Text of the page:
it’s been a while since I wanted to tell you about Mondkopf, but as you may know, it is sometimes difficult to put words on a music that throws you in a wells of apocalyptic beauty and joyful despair. nevertheless, now that the decision has been made to pitchfork Hadès into pole position of our yearly top of the top, it is high time to loosen our tongue.
it is demanding to think of a better nickname for Paul Régimbeau aka Mondkopf, precisely because Mondkopf‘s fourth album takes you to the very clouds, to the moon, and more specifically to an atmospheric, hopeless inferno. released in february on Régimbeau’s own label In Paradisum, Hadès is a very dark, woebegone album, a masterpiece of doom inspiration. the opening Hadès I lays Mondkopf’s cards on the table, with trumpets and choirs that seem to foretell the abode of the dead. more frightening is this impression to still have time to resist an implacable apocalypse. a little bit as if you were in The Road by Cormac McCarthy.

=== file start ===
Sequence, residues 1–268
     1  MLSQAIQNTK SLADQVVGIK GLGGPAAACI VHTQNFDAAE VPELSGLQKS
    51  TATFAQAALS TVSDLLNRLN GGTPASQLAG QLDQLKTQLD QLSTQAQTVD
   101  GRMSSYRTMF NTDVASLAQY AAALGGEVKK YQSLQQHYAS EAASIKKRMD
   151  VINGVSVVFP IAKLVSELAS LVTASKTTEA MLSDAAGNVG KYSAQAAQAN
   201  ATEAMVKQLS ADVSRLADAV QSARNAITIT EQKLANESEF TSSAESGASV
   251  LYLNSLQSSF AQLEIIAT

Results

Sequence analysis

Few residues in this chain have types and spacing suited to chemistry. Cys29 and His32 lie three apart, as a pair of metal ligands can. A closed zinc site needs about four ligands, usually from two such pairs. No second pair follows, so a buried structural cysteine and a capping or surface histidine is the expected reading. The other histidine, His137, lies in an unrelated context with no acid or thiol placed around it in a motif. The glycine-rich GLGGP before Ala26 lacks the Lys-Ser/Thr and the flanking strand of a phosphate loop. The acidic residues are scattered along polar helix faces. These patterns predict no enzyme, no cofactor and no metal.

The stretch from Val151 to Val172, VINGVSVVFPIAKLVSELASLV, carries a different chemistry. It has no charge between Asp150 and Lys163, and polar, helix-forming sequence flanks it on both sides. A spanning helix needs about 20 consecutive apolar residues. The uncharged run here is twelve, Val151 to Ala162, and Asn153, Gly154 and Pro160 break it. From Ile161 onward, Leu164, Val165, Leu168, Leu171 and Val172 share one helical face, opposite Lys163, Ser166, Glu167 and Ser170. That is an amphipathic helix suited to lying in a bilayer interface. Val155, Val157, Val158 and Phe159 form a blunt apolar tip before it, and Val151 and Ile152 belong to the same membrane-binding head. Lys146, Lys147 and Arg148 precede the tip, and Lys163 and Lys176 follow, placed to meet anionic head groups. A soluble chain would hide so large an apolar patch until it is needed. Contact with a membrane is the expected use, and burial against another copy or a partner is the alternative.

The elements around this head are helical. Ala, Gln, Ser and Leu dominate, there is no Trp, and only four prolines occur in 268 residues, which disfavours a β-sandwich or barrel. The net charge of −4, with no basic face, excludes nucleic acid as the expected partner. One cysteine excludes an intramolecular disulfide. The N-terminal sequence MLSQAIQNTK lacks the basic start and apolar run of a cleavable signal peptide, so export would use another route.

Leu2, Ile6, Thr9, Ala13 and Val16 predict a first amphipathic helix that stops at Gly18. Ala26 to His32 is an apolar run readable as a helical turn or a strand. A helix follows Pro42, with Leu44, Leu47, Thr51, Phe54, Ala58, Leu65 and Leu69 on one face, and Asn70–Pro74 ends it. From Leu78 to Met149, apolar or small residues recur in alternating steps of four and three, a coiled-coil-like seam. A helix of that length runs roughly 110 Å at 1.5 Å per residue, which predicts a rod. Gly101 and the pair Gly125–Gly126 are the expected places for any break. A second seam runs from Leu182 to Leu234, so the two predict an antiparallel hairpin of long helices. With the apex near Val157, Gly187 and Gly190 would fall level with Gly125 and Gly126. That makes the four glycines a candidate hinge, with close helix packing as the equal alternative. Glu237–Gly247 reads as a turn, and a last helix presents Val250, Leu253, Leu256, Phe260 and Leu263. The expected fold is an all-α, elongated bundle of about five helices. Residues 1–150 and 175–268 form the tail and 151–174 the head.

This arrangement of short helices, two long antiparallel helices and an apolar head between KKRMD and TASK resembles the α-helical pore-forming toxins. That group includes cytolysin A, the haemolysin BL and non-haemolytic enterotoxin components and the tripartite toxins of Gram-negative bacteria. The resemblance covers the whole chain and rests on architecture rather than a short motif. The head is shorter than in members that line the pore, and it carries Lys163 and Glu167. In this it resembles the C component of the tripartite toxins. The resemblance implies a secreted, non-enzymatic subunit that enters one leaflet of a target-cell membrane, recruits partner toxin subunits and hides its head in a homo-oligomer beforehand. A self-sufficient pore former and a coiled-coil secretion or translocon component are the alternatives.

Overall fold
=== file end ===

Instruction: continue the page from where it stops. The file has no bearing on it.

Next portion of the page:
Hadès unfolds a terrible — but how magnificent — plot. organs are rejoined by bruiser beats to chant the beginning of hostilities (Eternal Dust), shrill vibrations and knuckle-duster beats trumpet the beast agony (Hadès II). disquieting, industrial sounds paired with ethereal laments fade into a mournful requiem that heralds the end of the world (Here Come The Whispers). high-pitched flares send desperate signs (The Stars Are Falling ). this bloody, epic journey comes to a dead end with a sequence of threatening punches, trembling chants, blank machine guns.
without disfiguring the album, the very clubby Cause And Cure and Immolate show evidences of Paul Régimbeau’s techno/house background, which may find a better echo in his first albums and numerous remixes — and also in his new, excellent grindcore side-project under the moniker of Extreme Precautions.
if the right of entry to this wide-awake nightmare is immediate and very addictive, the indisputable beauty of Hadès should not be mistaken. despair and doom-laden atmospheres are very inspiring ; they nourish the splendour of life, especially before dusk takes us to the point of no return. so there is no reason to deny ourselves this outstandingly intelligent album, one of the top few of 2014 and our favourite of the year.